Linking to free web content ruled ‘legal’

Feb 19, 2014 | Regulation

Websites can link to freely available online content without seeking permission from the copyright owner, according to a landmark European court ruling. The EU Court of Justice in Luxembourg’s decision came after a dispute in Sweden between journalists and a web company that had posted links on its site to online news articles. Website owners […]

Websites can link to freely available online content without seeking permission from the copyright owner, according to a landmark European court ruling.


The EU Court of Justice in Luxembourg’s decision came after a dispute in Sweden between journalists and a web company that had posted links on its site to online news articles.
Website owners “may, without the authorization of the copyright holders, redirect Internet users via hyperlinks, to protected works available on a freely accessible basis on another site,” the court said in a statement today. “The position would be different” for links that circumvent a paywall, it said.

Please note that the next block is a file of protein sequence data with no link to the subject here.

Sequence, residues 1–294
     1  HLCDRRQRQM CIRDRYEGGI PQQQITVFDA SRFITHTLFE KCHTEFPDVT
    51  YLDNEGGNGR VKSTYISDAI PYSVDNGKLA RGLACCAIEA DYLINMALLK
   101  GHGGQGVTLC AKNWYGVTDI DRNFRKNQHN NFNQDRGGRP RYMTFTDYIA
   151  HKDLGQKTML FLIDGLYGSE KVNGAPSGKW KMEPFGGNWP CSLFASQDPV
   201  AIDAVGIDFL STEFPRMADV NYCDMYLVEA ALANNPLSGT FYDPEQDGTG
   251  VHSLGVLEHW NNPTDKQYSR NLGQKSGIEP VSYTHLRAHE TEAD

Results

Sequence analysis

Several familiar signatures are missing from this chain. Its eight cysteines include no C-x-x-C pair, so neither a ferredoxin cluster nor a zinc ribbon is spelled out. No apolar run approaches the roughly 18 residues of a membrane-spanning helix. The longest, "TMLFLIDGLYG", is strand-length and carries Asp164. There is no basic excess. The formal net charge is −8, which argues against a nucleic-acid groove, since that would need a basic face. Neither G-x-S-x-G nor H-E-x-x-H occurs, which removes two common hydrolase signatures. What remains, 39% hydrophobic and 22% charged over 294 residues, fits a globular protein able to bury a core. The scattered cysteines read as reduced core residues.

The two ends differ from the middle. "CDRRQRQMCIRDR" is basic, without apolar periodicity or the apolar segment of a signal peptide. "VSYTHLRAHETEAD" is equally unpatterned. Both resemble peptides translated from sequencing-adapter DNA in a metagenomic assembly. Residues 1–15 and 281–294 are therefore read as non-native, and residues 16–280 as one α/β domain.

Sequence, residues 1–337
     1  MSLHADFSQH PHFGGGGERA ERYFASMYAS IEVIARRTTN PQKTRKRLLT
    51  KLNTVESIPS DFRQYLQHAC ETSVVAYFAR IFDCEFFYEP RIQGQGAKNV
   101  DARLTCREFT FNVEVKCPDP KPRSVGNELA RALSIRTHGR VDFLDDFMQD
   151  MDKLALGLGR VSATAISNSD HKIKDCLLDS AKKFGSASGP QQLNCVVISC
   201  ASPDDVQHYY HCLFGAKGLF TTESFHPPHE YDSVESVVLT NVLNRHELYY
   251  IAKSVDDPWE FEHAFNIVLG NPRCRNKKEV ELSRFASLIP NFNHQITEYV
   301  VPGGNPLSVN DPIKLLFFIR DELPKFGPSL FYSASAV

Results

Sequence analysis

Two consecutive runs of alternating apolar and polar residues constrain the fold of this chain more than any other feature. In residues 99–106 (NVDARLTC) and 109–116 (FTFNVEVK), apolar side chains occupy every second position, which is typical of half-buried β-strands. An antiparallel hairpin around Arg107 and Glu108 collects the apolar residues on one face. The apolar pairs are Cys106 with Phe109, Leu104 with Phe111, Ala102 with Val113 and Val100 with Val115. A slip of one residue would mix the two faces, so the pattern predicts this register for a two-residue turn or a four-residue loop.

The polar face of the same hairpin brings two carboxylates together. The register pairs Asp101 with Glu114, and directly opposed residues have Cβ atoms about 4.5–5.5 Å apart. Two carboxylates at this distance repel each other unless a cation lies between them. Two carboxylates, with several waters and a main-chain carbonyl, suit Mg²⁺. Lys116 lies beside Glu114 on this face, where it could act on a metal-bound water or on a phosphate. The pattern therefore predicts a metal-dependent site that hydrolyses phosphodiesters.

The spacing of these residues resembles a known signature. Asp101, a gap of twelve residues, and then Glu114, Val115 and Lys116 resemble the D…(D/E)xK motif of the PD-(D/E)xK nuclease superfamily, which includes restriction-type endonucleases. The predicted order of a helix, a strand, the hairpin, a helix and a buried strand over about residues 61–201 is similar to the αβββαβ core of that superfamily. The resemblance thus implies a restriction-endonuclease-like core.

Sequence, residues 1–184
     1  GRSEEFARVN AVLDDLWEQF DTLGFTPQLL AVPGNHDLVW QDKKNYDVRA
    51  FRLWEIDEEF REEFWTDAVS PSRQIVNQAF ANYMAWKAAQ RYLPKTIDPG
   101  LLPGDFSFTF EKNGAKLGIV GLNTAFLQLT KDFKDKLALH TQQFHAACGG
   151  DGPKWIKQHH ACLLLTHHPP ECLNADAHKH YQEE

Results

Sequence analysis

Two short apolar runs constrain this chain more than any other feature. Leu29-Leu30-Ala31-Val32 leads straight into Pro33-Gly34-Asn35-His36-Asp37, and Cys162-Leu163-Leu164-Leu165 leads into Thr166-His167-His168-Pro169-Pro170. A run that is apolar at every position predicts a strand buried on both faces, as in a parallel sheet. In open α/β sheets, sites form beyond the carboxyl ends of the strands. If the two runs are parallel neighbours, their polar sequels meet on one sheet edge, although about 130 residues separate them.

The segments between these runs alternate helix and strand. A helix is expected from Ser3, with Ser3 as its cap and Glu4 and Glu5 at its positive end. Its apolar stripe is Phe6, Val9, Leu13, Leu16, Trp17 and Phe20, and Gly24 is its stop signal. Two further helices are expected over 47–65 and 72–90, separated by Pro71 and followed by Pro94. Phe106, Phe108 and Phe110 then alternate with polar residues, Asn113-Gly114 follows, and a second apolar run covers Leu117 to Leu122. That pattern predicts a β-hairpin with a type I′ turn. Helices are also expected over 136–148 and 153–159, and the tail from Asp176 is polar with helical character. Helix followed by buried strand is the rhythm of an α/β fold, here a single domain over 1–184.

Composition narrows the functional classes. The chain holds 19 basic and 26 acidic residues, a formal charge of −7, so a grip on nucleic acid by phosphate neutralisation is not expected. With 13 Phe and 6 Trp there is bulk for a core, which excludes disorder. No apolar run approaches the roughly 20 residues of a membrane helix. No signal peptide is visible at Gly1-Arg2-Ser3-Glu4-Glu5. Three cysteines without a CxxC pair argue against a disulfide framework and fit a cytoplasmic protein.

The court was asked to rule on dispute in Sweden between journalists and a local company that provided hyperlinks directly to news articles published for free on the website of newspaper Goeteborgs-Posten.
A Swedish court sought EU legal guidance on whether such links to freely accessible content can be considered a copyright violation under EU law.
Granting copyright protection to hyperlinks “would essentially break the Internet as we know it,” said Jakob Kucharczyk, a Brussels-based director at the Computer and Communications Industry Association.
“We’re glad that Internet users will continue to be able to share and refer to content that is freely available on the Internet without breaking copyright rules,” Kucharczyk said in an e-mailed statement
View the court ruling here

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